Bobby Darin (born Walden Robert Cassotto; May 14, 1936 – December 20, 1973) was an American singer, songwriter, multi-instrumentalist, and actor in film and television. He performed jazz, pop, rock and roll, folk, swing, and country music.
He started his career as a songwriter for Connie Francis. He recorded his first million-selling single, “Splish Splash”, in 1958. That was followed by “Dream Lover”, “Mack the Knife”, and “Beyond the Sea”, which brought him worldwide fame. In 1962 he won a Golden Globe Award for his first film, Come September, co-starring his first wife, actress Sandra Dee.
During the 1960s, he became more politically active and worked on Robert F. Kennedy’s Democratic presidential campaign. He was present on the night of June 4/5, 1968, at the Ambassador Hotel in Los Angeles at the time of Kennedy’s assassination. During the same year, he discovered he had been raised by his grandmother, not his mother, and that the woman he thought was his sister was actually his mother. Those events deeply affected Darin and sent him into a long period of seclusion.
Although he made a successful comeback (in television) in the early 1970s, his health was beginning to fail, as he had always expected, following bouts of rheumatic fever in childhood. The knowledge of his vulnerability had always spurred him on to use his musical talent while still young. He died at the age of 37 after a heart operation in Los Angeles.
In 1973, after failing to take antibiotics to protect his heart before a dental visit, Darin developed sepsis, an overwhelming systemic infection. That further weakened his body and affected one of his heart valves. On December 11, he checked himself into Cedars of Lebanon Hospital in Los Angeles for another round of open-heart surgery to repair the two artificial heart valves he had received in January 1971. On the evening of December 19, a five-person surgical team worked for over six hours to repair his damaged heart. Shortly after the surgery ended in the early morning hours of December 20, 1973, Darin died in the recovery room without regaining consciousness. He was 37 years old.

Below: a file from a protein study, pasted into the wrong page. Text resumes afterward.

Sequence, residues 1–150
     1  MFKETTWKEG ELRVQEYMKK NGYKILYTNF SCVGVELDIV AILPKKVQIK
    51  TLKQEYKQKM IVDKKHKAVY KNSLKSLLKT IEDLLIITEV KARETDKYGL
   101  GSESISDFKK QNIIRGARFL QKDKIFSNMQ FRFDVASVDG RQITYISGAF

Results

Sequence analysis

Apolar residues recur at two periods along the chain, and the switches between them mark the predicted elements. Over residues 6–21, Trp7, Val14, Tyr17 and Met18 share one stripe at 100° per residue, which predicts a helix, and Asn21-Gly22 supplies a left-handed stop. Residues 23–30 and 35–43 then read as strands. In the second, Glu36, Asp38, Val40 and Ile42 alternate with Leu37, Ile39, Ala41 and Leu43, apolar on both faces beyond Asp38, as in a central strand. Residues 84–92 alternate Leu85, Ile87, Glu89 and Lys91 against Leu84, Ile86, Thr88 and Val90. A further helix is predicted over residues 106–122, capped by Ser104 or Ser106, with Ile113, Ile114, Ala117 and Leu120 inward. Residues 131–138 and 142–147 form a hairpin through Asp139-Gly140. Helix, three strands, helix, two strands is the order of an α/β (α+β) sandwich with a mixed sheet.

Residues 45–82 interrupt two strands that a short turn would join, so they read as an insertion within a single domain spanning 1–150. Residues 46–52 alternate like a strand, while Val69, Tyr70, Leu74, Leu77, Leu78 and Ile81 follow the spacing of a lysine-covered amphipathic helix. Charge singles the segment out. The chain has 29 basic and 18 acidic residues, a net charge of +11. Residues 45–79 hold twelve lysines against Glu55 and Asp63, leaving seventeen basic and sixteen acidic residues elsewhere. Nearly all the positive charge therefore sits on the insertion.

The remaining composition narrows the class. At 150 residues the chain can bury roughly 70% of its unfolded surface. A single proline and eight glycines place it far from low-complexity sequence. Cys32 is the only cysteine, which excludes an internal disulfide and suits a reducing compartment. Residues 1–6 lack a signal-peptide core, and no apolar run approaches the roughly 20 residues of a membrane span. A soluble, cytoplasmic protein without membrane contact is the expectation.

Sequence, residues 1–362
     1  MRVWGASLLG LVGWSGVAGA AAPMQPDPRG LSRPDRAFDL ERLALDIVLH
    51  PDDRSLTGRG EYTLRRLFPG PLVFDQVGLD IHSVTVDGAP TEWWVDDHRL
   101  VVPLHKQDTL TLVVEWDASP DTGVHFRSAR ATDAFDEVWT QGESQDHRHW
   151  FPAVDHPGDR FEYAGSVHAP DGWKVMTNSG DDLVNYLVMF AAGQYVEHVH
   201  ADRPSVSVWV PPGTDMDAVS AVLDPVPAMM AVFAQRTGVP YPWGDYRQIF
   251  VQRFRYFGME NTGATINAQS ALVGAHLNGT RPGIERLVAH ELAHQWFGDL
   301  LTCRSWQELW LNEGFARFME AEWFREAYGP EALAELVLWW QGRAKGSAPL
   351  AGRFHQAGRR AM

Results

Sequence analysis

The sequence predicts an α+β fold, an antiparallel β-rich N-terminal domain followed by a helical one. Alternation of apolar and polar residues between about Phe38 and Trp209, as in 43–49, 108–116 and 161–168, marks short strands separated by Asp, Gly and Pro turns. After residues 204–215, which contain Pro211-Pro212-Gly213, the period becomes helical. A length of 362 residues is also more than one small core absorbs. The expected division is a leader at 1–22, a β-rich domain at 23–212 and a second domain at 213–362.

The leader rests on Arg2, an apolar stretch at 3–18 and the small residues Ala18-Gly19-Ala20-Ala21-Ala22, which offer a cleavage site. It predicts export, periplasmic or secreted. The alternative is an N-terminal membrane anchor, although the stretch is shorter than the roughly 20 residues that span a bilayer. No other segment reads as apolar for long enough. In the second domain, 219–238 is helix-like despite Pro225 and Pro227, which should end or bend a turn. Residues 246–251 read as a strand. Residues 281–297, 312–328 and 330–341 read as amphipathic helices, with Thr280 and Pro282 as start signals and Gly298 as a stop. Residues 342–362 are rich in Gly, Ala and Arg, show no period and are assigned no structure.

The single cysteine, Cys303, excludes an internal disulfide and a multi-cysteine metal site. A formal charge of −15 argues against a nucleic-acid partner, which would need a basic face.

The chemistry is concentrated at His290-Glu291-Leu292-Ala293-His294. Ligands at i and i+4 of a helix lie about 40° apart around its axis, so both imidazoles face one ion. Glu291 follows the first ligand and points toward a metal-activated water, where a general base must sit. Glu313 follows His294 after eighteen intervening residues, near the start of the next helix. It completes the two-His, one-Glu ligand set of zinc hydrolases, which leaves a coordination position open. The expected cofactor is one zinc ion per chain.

Darin’s last wish in his will was that his body be donated to science for medical research. His remains were transferred to the UCLA Medical Center shortly after his death.
In 1990, Darin was inducted into the Rock and Roll Hall of Fame, with singer and close friend Paul Anka announcing the honor. In 1999, Darin was voted into the Songwriters Hall of Fame.
Songwriter Alan O’Day alludes to Darin and his recording of “Mack the Knife” in the song “Rock and Roll Heaven” (made a hit by the Righteous Brothers), a tribute to dead musicians, which O’Day wrote shortly after Darin’s death.
On May 14, 2007, Darin was awarded a star on the Las Vegas Walk of Stars to honor his contribution to making Las Vegas the “Entertainment Capital of the World” and named him one of the twentieth century’s greatest entertainers. Fans paid for the star. Darin also has a star on the Hollywood Walk of Fame.
On December 13, 2009, at its 2010 Grammy Awards ceremony, the Recording Academy awarded Darin a posthumous Lifetime Achievement Award.
On June 25, 2019, The New York Times Magazine listed Bobby Darin among hundreds of artists whose material was reportedly destroyed in the 2008 Universal fire.